You may have been told in the past that you need lots of leads for your business. Maybe someone else told you that you need to be focusing on prospects, because those are the people most likely to buy from you. It may have left you wondering: What’s the difference between a lead and a prospect?
When thinking about a lead vs. a prospect, they are very similar. In general terms, a lead is someone who has engaged with your business in a low-level, one-way format. In contrast, a prospect has engaged in two-way communication or put forth more effort, indicating a higher probability of becoming your customer. It comes down to how likely they are to buy from you.
What is a lead in sales?
A lead is defined as a person who has engaged minimally with your business. They may have the potential to be a lifelong, happy customer; but it’s also possible that you will never sell anything to this person.
Here are some examples of ways you might generate leads:
- You meet someone at a live event
- Someone visits your website and opts in for a free ebook download
- An individual reads your blog post and subscribes to your newsletter
- Someone follows you on social media
- Someone receives a cold call or email from your business
What is a prospect?
A prospect is a lead who has shown actual interest in your products or services. They will have engaged with you in some meaningful way and they will also fit the persona of your target customer.
Here are some scenarios that would qualify someone as a prospect:
- They filled out a contact form on your website
- They comment on your social media posts
- They open your emails and respond to your calls to action
- They start a trial of your product or service
A prospect is someone who has seen your business and is interested in learning more. They are ready to actively engage with you, so it’s important to set up marketing systems to guide those prospects through your sales funnel to the point where they become customers.
Lead vs. prospect: which is better?
It’s good to capture leads in your business, but your goal should be to quickly evaluate those leads and determine whether they might also qualify as prospects. You’ll then be able to focus more energy on nurturing prospects since the expected benefit is greater.
Think of it this way: You may have hundreds of leads in a single quarter, but if none of them ever move along the buyer’s journey and make a purchase, then that number has no value. On the other hand, you may only have 15 qualified prospects in that same amount of time, but they are all more likely to make a purchase. In this scenario, it is better to have 15 prospects who are highly qualified than to have 100 unqualified leads.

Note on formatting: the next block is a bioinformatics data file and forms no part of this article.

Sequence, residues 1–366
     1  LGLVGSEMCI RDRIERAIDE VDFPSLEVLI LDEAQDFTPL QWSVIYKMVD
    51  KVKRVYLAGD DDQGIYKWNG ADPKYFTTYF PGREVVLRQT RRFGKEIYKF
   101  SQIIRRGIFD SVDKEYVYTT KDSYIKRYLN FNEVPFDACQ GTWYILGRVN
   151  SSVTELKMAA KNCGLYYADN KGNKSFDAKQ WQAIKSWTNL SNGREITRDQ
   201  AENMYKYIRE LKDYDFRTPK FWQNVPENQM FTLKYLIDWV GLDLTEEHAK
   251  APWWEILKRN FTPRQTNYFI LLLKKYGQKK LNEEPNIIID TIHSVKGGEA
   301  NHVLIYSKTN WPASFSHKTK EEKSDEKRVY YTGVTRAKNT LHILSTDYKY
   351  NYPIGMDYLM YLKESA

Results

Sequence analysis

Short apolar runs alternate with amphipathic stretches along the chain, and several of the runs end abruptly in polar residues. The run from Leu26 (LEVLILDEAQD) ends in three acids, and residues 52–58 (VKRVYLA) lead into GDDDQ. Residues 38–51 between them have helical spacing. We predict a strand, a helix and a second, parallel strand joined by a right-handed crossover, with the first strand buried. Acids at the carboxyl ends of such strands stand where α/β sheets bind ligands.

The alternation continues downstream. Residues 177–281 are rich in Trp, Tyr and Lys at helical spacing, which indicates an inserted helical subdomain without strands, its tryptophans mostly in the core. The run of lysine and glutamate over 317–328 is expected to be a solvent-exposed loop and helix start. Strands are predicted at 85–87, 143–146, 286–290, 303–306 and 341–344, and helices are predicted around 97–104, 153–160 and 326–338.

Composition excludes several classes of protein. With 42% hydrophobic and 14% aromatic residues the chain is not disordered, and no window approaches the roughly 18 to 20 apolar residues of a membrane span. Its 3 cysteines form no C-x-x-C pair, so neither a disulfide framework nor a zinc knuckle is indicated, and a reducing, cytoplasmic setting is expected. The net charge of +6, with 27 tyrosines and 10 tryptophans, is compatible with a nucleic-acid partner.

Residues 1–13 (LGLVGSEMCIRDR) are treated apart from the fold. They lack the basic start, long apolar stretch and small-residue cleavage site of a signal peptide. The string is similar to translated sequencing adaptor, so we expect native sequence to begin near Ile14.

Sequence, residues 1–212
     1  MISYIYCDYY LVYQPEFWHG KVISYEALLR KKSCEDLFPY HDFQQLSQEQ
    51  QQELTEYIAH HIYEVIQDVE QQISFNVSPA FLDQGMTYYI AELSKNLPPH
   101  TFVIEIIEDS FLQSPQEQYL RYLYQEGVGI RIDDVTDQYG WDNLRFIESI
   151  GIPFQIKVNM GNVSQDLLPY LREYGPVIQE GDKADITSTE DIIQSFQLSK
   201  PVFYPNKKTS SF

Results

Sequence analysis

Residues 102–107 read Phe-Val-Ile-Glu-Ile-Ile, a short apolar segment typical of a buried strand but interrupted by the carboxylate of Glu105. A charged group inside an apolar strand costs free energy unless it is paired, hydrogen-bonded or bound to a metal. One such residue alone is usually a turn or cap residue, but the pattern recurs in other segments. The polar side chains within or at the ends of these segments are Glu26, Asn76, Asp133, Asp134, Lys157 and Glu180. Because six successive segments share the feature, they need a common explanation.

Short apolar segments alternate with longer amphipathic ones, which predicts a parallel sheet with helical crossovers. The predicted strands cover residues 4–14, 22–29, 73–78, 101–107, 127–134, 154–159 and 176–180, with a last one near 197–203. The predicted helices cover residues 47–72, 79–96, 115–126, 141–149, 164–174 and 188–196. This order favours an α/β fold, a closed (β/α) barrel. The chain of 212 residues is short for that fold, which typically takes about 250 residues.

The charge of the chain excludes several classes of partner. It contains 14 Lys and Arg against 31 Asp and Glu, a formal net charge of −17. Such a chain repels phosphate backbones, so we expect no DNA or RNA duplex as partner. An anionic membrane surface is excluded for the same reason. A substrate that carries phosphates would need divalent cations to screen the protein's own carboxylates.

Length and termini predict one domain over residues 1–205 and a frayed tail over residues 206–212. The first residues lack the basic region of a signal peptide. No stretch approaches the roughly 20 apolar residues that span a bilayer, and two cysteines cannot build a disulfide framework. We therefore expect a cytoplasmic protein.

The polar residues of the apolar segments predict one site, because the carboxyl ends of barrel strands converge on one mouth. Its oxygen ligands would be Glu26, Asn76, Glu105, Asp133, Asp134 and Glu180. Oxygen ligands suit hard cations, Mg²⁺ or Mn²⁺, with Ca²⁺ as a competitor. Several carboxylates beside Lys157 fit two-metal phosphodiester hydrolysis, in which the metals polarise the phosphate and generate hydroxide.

Not all leads are created equal and revenue growth often comes down to prospecting vs. lead generation in your business.
How to focus your activities towards prospecting vs lead generation
If you think of every person who interacts with your business as falling into a funnel, leads are at the very top of that funnel, and many of them will stay there forever. What you want are people who will move down the funnel to the point where they come out of the bottom as paying customers.
How to target qualified prospects in your sales and marketing activities
When someone first interacts with your business, learn as much as you can about them
When a site visitor signs up for your email list, track how they arrived at your site, which links they clicked and which signup form they submitted. Record everything possible about their preferences.
Track their customer journey
Pay attention to what caused someone to join your list, and also the next interactions you have with them. Again, a main difference between a lead and a prospect is that a lead never takes another action beyond that initial sign-up. If they keep interacting and engaging with your marketing efforts, they’re a good candidate for qualifying as a prospect.
Keep your buyer persona in mind
If you sell a product or service with a higher price tag, don’t focus your marketing efforts on people who aren’t ready to pay that price. For example: let’s say you sell consulting sessions at $1000 per contract, online courses for $250, and ebooks for $20. If someone only ever buys your ebooks, never clicking on the emails advertising your courses, they’re unlikely to ever spend $1000 on consulting. That doesn’t mean you should stop sending them emails, but it does mean that the majority of your time and energy shouldn’t be spent on marketing to those types of leads.
As another example, if you only want to work with larger companies, then you need to focus on the people who are decision-makers in larger companies. Don’t focus your efforts on solo-preneurs or people who work for smaller businesses.
Tracking your leads and nurturing them to become prospects may sound like a lot of effort, but a powerful CRM with sales and marketing automation (like Keap) can actually do the heavy lifting for you. If you’re interested in segmenting leads vs. prospects in your business and following up with each person automatically, investing in a CRM with sales and marketing automation is a wise move.
Keep track of contacts at all stages in the sales pipeline
If you’ve been looking at your email list and trying to sort leads vs. prospects, it’s time to set up the tools to help you figure it out. Keap’s sales pipeline software allows you to establish your sales pipeline, identify and track your leads through every step of the sales funnel, and most of all help you determine leads vs. prospects for your business so that you can focus your energy on the people most likely to purchase your products and services.
Try building out your own sales pipeline in a free trial: try Keap today!